Following World War 2, Cambodia’s Monarch, Prince Norodom Sihanouk successfully provided independence after the country’s 90 years of French colonial rule. But after assuming the throne, Sihanouk’s strict policy didn’t go well with the citizens. The communist rebels who first fought against the French were now determined to overthrow the new prince. Not just within the country, a war was going on even outside the borders. In Vietnam, several American troops were supporting the non-communist against the communists. The US asked for Cambodia’s support, but the prince decided to non-interference. Soon in 1970, the prince was overthrown by his own prime minister. The Prime Minister then allowed American troops to bomb areas of Cambodia where the communist Vietnamese were in hiding.
These attacks killed several Cambodian civilians along with the Vietnamese troops. To regain power, prince Sihanouk decided to join hands with his political enemy- Khmer Rouge. Khmer Rouge was the name that was popularly given to members of the Communist Party of Kampuchea. This group’s agenda was to make Cambodia a classless society of rice farmers and sought to lead the country to self-sufficiency.
From 1975 to 1979, the communist party of Kampuchea ruled Cambodia. They perpetrated genocide that killed one-fourth of the country’s population.
Cambodians were already disappointed with Prime Minister and decided to join Khmer Rouge. Over five years of fighting half a million Cambodians died in battle. The rebels soon took over the capital Phnom Penh and then the whole nation in 1975. But what seems like an end to violence, was only the beginning of Asia’s biggest genocide.
During their initial years of formation, Khmer Rouge mostly lived in hilly regions. Pol Pot, their leader was influenced by the surrounding hill tribes, who were self-sufficient in their communal living, had no use for money, and were “untainted” by Buddhism. Thus, when Khmer Rouge came to power, he sought to make the country an agrarian utopia nation.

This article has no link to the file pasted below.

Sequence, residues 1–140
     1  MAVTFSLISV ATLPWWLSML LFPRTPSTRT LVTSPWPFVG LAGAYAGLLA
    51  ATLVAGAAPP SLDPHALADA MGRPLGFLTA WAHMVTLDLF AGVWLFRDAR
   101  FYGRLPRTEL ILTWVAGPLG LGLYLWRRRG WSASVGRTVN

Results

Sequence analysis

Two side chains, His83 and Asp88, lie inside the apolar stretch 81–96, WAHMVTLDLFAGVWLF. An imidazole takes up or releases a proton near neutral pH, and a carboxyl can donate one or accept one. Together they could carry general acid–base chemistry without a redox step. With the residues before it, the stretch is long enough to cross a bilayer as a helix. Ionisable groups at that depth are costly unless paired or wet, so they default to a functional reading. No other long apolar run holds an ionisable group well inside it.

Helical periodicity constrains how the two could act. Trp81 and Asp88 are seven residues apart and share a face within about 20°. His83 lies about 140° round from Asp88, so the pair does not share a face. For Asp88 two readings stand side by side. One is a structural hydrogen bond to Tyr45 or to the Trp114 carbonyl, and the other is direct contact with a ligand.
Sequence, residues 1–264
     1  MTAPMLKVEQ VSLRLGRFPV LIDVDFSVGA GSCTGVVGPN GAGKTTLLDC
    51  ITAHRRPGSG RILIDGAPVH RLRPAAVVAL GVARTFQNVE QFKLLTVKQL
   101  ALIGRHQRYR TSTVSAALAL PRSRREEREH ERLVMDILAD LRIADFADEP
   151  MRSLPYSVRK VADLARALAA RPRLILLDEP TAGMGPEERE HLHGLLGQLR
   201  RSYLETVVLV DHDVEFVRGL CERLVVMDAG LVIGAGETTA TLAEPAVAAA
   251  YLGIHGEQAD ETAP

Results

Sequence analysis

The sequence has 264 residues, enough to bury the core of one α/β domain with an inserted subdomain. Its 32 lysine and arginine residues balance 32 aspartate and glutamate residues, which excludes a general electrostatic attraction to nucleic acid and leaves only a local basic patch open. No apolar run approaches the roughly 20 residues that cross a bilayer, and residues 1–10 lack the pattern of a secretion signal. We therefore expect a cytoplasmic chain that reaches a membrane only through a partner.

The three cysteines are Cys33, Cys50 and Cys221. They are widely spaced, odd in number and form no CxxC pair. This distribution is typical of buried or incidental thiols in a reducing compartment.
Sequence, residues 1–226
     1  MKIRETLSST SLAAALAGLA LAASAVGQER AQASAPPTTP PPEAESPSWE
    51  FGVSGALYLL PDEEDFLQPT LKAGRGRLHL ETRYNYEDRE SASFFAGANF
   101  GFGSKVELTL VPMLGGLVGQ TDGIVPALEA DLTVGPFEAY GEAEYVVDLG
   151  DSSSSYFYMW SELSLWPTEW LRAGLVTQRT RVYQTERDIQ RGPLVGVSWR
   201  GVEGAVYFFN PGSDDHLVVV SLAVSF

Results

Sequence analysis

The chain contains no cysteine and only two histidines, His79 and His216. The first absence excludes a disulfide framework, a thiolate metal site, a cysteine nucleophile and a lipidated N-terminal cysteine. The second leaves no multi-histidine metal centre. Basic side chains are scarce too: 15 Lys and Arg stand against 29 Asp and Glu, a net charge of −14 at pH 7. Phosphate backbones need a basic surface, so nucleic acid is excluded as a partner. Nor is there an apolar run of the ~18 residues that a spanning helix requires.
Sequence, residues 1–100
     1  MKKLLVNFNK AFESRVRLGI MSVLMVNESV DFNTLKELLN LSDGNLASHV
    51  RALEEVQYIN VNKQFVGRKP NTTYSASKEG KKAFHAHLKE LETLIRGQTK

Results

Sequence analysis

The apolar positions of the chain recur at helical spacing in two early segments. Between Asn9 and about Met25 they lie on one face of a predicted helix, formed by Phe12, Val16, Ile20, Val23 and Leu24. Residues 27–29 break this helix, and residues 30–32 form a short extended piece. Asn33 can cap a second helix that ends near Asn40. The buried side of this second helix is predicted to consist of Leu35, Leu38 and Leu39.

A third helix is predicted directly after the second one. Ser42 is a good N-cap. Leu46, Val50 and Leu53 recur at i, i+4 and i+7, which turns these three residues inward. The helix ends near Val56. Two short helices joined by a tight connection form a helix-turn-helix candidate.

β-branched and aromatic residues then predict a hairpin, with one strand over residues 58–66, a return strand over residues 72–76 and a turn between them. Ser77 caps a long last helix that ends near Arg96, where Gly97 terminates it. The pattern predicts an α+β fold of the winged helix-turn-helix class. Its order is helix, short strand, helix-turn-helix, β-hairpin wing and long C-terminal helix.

Soon after conquering Cambodia, the group started executing everyone who was associated with the former government. Prince Sihanouk himself was put on house arrest. The Khmer Rouge soon started evacuating city residents to the countryside. They declared that the nation would start again at “Year Zero”. Pol Pot isolated all the Cambodians from the rest of the world. He emptied cities, abolished money, private property, and religion, and set up rural collectives. All civilians were forced to wear were the same clothes and adorn the same haircut.
Anyone who was educated enough to rebel or be a threat to regime, was killed. They mostly targeted Muslims Cham, Vietnamese, Chinese, Thai, and Laotian people killing anyone as a threat to the party. Outside these executions, people were forced to grow rice to fulfil the group’s demands. The workforce was expected to produce impossible amounts of rice and if the leaders fail to accomplish these demands, they were all executed. Thus, in order to fulfill the quota, many local leaders provided a very little share of produce to the workers and soon one million more died of starvation, diseases, and overwork.
Even the Khmer Rouge people who were enforcing the system were also not safe. These young people also feared for their lives and did atrocities simply based on those fears. They were also separated from their families, and many lost their loved ones to diseases and starvation. When the people failed to produce the expected supply, Khmer Rouge leaders thought that people were internally trying to sabotage the revolution and so they started arresting or executing anyone on mere doubts. This continued for four years until 1979 when Vietnamese troops entered the country and took control of it. This political turmoil started yet another civil war that continued till the 1990s.
The years that followed were not easy, as thousands of children became orphans and people had to start from the fresh to earn a livelihood. Justice was also delayed and till now only three people are jailed for the Cambodian genocide. The UN helped establish a tribunal to try surviving Khmer Rouge leaders, beginning work in 2009.